How to see Jupiter from our region as gas giant enters 'opposition' and closest point to Earth

Jupiter is on average 391 million miles away from Earth, but because both planets travel in elliptical orbits around the Sun, the gas giant's distance from our home planet is constantly changing.

A composite image of Jupiter taken by the James Webb Space Telescope's Near-Infrared Camera (Photo courtesy: NASA, ESA, CSA, Jupiter ERS Team; image processing by Judy Schmidt).
A composite image of Jupiter taken by the James Webb Space Telescope's Near-Infrared Camera (Photo courtesy: NASA, ESA, CSA, Jupiter ERS Team; image processing by Judy Schmidt).

That's good news for amateur astrophotographers and space enthusiasts across our region, because tomorrow the largest planet in our solar system will be the biggest and most visible its been to the naked eye for 59 years.

Starting this weekend, because two celestial events have fortuitously occurred at the same time, you'll be able to see Jupiter in all its glory, because apart from the Moon, it'll be the brightest object in the night sky.

With parts of the region designated superb spots for stargazing, including the Shropshire Hills, this is the perfect opportunity for Star readers to become stargazers.

Below is everything you need to know to successfully view the King of the Solar System.

Voyager 1 captured this close-up image of swirling clouds around Jupiter's Great Red Spot in 1979 (Photo courtesy: NASA/JPL)

How far away is Jupiter?

Jupiter's distance from Earth is always changing because both planets take an elliptical path around the Sun.

When its at its furthest, Jupiter is more than 600 million miles away. At its closest point, the distance from Earth to Jupiter is just 365 million miles, which makes it appear very bright in the sky.

The gas giant usually makes its closest approach to Earth around every 12 years. This weekend, its about 367 million miles from Earth, which is obviously very close.

However, something else has happened to make this Monday particularly special.

What is so special about this year?

On Monday, Jupiter will reach opposition. That means the planet will find itself placed on one side of the Earth with the Sun opposite, creating a very clear, nicely framed image.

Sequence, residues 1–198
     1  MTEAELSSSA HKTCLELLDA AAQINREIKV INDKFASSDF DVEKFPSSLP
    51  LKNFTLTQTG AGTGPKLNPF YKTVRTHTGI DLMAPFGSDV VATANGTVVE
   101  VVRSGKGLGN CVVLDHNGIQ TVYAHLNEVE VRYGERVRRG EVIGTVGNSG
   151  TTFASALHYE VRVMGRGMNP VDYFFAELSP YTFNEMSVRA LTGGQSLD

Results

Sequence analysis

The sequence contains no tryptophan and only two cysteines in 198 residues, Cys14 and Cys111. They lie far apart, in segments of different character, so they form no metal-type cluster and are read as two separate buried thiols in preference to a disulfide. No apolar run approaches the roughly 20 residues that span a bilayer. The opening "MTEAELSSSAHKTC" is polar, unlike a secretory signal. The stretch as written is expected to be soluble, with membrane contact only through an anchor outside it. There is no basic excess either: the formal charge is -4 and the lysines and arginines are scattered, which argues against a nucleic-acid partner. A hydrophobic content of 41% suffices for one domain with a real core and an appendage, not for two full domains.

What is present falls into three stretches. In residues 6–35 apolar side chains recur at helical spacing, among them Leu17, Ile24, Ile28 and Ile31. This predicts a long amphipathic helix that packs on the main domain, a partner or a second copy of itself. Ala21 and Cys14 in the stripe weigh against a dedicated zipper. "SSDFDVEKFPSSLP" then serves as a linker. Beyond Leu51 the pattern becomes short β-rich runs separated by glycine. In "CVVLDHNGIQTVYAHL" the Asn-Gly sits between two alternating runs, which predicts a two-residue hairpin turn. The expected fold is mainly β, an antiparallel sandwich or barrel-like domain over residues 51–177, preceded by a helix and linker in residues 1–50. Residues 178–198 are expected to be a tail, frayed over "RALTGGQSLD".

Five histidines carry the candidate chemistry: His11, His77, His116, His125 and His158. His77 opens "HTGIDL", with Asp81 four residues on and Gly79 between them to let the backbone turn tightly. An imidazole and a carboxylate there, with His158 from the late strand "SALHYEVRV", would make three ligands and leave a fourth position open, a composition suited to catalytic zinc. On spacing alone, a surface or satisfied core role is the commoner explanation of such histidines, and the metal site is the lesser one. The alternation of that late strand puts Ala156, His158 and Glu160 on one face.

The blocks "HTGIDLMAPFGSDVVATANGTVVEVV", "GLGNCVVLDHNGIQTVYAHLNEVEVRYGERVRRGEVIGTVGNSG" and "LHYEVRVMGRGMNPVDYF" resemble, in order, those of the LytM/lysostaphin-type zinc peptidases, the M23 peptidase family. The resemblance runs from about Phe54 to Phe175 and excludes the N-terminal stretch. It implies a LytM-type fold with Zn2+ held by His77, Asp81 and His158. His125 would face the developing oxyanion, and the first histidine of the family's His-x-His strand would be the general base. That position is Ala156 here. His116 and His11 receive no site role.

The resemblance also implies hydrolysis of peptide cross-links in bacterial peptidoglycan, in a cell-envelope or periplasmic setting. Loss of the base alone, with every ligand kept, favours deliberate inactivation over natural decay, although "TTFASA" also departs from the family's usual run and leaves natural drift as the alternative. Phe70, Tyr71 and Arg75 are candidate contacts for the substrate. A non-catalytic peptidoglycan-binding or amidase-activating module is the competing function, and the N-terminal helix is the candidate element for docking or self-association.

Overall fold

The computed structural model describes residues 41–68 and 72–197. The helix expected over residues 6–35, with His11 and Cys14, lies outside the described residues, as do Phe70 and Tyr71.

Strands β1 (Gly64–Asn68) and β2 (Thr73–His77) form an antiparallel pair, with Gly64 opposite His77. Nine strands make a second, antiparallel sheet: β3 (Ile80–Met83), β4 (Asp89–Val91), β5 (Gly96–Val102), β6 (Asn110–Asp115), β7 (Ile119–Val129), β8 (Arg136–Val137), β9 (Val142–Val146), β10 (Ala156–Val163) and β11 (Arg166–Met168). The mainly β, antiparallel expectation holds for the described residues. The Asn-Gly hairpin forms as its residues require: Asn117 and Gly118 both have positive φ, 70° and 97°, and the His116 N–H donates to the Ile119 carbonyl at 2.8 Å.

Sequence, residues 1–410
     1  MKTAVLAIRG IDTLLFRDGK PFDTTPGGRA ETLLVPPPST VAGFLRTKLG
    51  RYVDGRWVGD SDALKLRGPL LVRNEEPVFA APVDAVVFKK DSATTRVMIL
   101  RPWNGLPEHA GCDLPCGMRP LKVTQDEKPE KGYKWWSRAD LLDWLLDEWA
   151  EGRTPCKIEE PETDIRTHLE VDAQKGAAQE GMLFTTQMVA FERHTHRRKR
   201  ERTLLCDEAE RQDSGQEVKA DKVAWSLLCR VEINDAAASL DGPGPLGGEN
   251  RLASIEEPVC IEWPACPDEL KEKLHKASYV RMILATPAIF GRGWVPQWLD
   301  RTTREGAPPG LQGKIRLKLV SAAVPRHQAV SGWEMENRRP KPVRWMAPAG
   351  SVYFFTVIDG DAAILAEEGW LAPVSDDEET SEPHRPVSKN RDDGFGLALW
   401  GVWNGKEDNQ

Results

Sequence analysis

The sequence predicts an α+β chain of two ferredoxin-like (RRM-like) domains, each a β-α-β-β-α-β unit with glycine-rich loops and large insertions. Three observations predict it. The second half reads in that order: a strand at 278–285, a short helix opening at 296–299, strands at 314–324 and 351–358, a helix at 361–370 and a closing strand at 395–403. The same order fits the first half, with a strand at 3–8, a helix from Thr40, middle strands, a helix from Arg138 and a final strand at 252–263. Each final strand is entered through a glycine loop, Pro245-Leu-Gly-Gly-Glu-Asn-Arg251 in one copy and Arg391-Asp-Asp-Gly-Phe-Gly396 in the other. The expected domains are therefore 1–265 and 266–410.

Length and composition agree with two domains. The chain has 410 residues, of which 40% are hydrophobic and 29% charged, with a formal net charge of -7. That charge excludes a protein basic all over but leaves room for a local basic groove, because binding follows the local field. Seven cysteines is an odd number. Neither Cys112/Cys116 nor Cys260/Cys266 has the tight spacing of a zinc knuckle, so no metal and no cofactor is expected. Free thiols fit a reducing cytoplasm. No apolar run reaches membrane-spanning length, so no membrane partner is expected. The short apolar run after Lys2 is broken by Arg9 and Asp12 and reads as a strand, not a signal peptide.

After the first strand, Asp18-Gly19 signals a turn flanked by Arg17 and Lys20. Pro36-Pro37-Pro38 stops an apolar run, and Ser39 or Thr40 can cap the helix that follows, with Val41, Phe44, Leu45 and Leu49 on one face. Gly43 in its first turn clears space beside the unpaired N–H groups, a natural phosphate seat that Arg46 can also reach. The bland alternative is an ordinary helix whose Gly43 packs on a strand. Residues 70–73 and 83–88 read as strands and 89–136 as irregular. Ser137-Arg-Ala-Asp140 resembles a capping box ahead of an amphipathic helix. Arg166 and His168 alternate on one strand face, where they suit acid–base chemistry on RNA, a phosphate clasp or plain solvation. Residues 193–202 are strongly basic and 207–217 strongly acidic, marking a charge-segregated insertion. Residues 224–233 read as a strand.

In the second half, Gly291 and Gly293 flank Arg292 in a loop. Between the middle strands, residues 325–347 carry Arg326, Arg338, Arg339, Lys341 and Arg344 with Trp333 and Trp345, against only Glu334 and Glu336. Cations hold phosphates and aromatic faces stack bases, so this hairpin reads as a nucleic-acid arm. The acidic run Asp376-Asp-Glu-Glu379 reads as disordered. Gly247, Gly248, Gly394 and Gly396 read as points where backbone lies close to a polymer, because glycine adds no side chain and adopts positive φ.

Jupiter is obviously visible now and has kept amateur astronomers busy throughout September, but Monday should provide the most spectacular views from our region (if the sky is clear) from sunset to sunrise on Tuesday.

On its own, Jupiter falls into opposition relatively regularly - around every 13 months, but it just so happens that the King of the Solar System is also on its closest approach to Earth for decades.

This will make the planet spectacularly visible.

To put these two events overlapping in perspective, opposition and the closest approach will reportedly not happen together again until nearly the middle of the next century.

Will I actually be able to see it without equipment?

Weather permitting, you will be able to see Jupiter without a telescope or astronomy equipment.

It will essentially look like the brightest star in the sky, but it won't be twinkling. You're better off finding a location with no artificial light.

According to BBC Science Focus, "A decent set of binoculars (7x to 10x magnification) will provide you with a view of Jupiter’s four largest moons, Ganymede, Europa, Callisto and Io, and a telescope will allow you to view Jupiter’s stripes."

Those with the right equipment will be able to take incredible photographs of the planet, as many have been this month.

How do I spot Jupiter in the sky?

Amateur and professional astronomers and astrophotographers will probably be able to find the planet by tracking the stars, as Jupiter will reportedly rise in the eastern sky in the constellation Pisces.

However, the best bet for those trying this for the first time or with limited levels of expertise is to download an astronomy app onto your mobile phone.

These are able to accurately chart the night sky because our phones know the time and date and therefore what's going on in space. They use other functions of the device to create a real-time map of the sky.

All you have to do is point it upwards and it'll tell you what you're seeing.

What's the weather looking like in the West Midlands and Shropshire?

According to the Met Office, Monday's going to be a "windy day with a mixture of sunny spells and scattered showers. Feeling that bit colder if exposed to the wind. Maximum temperature 15 °C."

Hopefully, the sunny spells are enough to burn away the cloud and create a clear night for Jupiter viewing.

How are the professionals currently studying Jupiter?

NASA's Juno spacecraft, which has studied Jupiter up close and personal, will on Thursday (29) come within just 222 miles of the planet's icy moon Europa.

It's expected to take some incredible high resolution images of the surface, as well as gather valuable scientific data about the mysterious moon.

You can read more about the latest stage of Juno's mission HERE.

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